Biological clues linked to criminal record.
By following the fates of British schoolboys for nearly a decade, researchers have identified three physiological markers that, combined with other factors, may help predict criminal behavior among young men.
Students who went on to commit serious criminal offenses as young adults had significantly lower heart rates and decreased electrical activity in the skin and brain during adolescence, report psychologist Adrian Raine of the University of Southern California in Los Angeles and two British colleagues. This represents the first good evidence from a prospective study that many criminals experience subdued physiological arousal, the researchers maintain.
From three schools in England, Raine's team recruited 101 15-year-old boys whose academic and social backgrounds represented a national cross-section of male teenagers. In 1978 and 1979, they obtained physiological measures from each youth.
In 1988, a search of the British government's computerized record of serious criminal offenses turned up 17 of the study participants, then 24 years of age. Their most common crimes were burglary and theft, with a few instances including the wounding of another person during he offense. Five had been imprisoned at some time.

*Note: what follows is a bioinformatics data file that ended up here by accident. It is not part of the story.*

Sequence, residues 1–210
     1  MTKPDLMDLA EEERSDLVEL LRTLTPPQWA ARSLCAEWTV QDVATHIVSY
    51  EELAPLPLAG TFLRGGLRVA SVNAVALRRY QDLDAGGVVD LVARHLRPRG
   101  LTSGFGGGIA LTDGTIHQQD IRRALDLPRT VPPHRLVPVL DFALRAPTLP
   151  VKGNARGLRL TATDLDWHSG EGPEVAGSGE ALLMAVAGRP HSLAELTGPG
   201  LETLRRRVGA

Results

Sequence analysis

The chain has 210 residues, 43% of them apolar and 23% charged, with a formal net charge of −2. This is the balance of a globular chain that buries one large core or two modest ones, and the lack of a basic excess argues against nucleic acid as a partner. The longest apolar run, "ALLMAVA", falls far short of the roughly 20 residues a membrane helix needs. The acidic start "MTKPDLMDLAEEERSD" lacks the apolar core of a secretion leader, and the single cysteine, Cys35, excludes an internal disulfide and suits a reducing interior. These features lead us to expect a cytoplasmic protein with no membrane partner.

The three measures of physiological arousal during adolescence correctly classified the adult criminal status of three-quarters of the entire sample, the scientists point out in the November ARCHIVES OF GENERAL PSYCHIATRY. Overall, criminals began the study with substantially lower arousal levels than did men with no criminal record.
Since one in four of the young men eluded accurate classification based on physiological responses, the results "do not negate the potential role of social and psychological variables in predicting criminal behavior," Raine says. The researchers note, however, that physiological differences between criminals and noncriminals were not statistically linked to several important environmental factors, including family income, neighborhood crime rate and academic performance. Other, undetermined environmental influences may promote the connection between crime and lowered physiological arousal, they add.
Genetic inheritance plays a partial role in determining an individual's heart rate and the electrical activity level of the skin and brain, the investigators assert. Thus, lowered arousal on these measures may reflect a genetic predisposition to criminality that responds to certain psychological and social circumstances, they conclude.
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|Date:||Nov 10, 1990|
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